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Old Saturday, February 20, 2010
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Default A woman of substance

For all those females who want to join PSP

A woman of substance

Thursday, February 18, 2010
By Saadia Khalid

Hats off to the first-ever Police Service of Pakistan (PSP) lady officer, who has faced all social odds and proved herself to be a woman of substance in this male-dominated society.

A bright young lady, Maria Mahmood, is certainly a source of inspiration for hundreds of women, who opted for a profession like police, which is considered as a specifically male career in our country.

Though young in age, the lady has all the dignity that an assistant superintendent of police (ASP) must have in the personality domain. Her body language speaks volumes about her dedication towards her job and determination to do something for the welfare of the police institution.

Maria is the first woman officer who has been appointed directly as an ASP after passing the CSS examination. Earlier, the female candidates of the competitive examination did not have the privilege to choose the police department to serve as CSP officers.

“Being the first-ever PSP lady officer is less of a privilege and more of a responsibility. I have to set a positive example, as my juniors look up to me for guidance. I try to support them to make them stay in this profession,” said Maria.

Maria was the only female trainer during the Common Training Programme (CTP), Lahore, and also the only one on the Special Training Programme (STP), but her determination never let her get disheartened or discouraged. “At times, it seems as if it has now become an identity issue, as there have always been men all around me,” she said.

Currently serving in the Islamabad Traffic Police (ITP), the brave woman performs as hard a duty as her male counterparts. She stands at some intersections to regulate traffic and ensures its smooth flow in case of a protest. “Initially, it appeared really odd to me when people used to stare with astonishment as if a woman could not control or regulate traffic, but now I am witnessing a gradual change in people’s attitude. It is all about the mindset and our people cannot imagine a woman doing something else than the usual house chores,” commented Maria.

Talking specifically about women’s recruitment in the police department, she said that she is looking forward to a positive change with the induction of more educated women. “I am sure there will be a 180-degree change in the performance and perception of the police department if more women are given opportunities to serve here, as they rarely get into corruption and seldom fall prey to any other temptations,” she claimed.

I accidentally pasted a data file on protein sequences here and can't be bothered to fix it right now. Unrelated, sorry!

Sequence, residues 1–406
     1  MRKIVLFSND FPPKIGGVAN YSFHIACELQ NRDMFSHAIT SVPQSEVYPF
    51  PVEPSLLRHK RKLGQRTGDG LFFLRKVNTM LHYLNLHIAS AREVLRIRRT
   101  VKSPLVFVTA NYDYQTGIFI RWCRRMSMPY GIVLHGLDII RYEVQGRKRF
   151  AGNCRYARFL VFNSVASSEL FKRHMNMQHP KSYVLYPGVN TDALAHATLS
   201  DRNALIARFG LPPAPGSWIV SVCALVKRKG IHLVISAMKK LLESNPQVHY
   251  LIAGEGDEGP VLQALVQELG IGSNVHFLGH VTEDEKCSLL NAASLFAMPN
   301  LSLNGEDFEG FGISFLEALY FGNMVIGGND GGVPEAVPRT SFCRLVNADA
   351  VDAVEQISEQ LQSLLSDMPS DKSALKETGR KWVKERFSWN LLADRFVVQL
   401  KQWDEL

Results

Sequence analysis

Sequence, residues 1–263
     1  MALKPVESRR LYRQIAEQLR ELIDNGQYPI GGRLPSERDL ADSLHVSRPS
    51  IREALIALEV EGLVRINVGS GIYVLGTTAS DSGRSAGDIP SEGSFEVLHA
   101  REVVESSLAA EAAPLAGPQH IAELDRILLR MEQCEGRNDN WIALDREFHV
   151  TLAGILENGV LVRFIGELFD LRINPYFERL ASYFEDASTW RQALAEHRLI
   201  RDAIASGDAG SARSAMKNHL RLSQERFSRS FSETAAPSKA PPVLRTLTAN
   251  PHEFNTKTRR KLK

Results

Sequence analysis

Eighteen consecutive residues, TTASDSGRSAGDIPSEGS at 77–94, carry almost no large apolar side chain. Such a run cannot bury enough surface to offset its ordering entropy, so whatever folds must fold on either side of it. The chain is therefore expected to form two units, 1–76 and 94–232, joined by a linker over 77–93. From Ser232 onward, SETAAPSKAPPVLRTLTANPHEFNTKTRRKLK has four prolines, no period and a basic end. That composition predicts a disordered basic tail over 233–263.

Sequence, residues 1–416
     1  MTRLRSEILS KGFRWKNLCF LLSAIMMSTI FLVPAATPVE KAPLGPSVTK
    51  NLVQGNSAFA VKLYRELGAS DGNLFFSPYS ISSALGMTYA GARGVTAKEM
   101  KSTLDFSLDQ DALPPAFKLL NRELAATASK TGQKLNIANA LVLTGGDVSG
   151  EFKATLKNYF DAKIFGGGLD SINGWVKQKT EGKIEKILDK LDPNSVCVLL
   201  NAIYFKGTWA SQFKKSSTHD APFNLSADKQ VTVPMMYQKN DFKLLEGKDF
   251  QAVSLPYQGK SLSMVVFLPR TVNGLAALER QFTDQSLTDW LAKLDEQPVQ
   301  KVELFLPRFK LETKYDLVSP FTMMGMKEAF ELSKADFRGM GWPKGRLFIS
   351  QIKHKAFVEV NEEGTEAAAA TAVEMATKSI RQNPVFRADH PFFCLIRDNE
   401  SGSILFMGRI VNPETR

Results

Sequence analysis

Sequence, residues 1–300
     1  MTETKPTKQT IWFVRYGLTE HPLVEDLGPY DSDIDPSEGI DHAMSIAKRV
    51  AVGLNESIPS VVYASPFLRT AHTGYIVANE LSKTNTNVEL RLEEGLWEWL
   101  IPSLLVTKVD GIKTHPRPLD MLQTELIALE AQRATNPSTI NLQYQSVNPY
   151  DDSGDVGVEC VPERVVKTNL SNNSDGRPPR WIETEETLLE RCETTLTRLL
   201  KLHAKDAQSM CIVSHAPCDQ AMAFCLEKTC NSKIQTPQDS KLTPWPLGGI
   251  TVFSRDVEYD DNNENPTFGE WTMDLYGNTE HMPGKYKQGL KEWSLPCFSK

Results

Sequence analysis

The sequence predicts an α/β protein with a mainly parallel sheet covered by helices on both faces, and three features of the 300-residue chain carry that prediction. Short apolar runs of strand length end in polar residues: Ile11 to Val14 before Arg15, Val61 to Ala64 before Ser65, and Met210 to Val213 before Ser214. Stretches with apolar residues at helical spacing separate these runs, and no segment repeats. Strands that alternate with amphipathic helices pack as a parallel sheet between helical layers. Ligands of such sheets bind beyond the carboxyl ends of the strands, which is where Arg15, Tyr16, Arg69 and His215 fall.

She said that the women’s recruitment in police could be very helpful in changing the department’s bad image into a more positive one. “More and more women should be inducted at the decision-making level, so they could address the issues of women working in police and also at women’s police stations,” she said adding that the women working at lower levels of the police department are having plethora of problems that need to be resolved in order to boost up their morale and give them more encouragement to prevail upon them to join the force.

However, Maria seemed hopeful for the future of the police department, especially with the induction of more and more women. “There was a time when even the teaching profession was considered bad but soon a time will come when people will accept women in police,” she said.

She pointed out various changes taking place in the environment of police stations. “Gone are the days when the high-ups of police used to abuse their juniors. Now the situation has changed, as the recruitment of educated people has brought a positive change. The current IGP has an agenda to promote women police. There are several police officials, who supported me throughout, especially SP Sajid Kiani, whom I consider my mentor,” she said.

Moreover, Maria would soon be attending a commando training course for police officers in Lahore.

Having a master’s degree in English Language and Literature, and belonging to a religious family, Maria was asked to opt for some other professions but through sheer willpower she convinced her family to let her offer her services to the police department. “I am 100 per cent satisfied with my decision and would ask other girls to join this profession in order to end the stigma attached to it,” she added.

“I can say it categorically that our religion has not forbidden women to utilise their expertise for the country’s welfare. The reason for believing the so-called scholars is that we do not study the religion ourselves. One should not forget the limitations that Islam has set for us but should contribute towards the progress of the country in a positive manner,” she said.

According to Maria, girls should resist social pressures with motivation and determination, and prove themselves to be better persons than others through their hard work.
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The Following 3 Users Say Thank You to saba sattar For This Useful Post:
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Old Thursday, August 23, 2012
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Thank you so much for this useful post. I just have few more questions. Women are mostly recruited in specific areas in PSP does it hinders their future promotional chances. In KPK in some areas in women jails no FIR has been registered since 2005. Is physical training difficult. Can you guide me about it's duration and type of exercises. Plz I am very confused about this all
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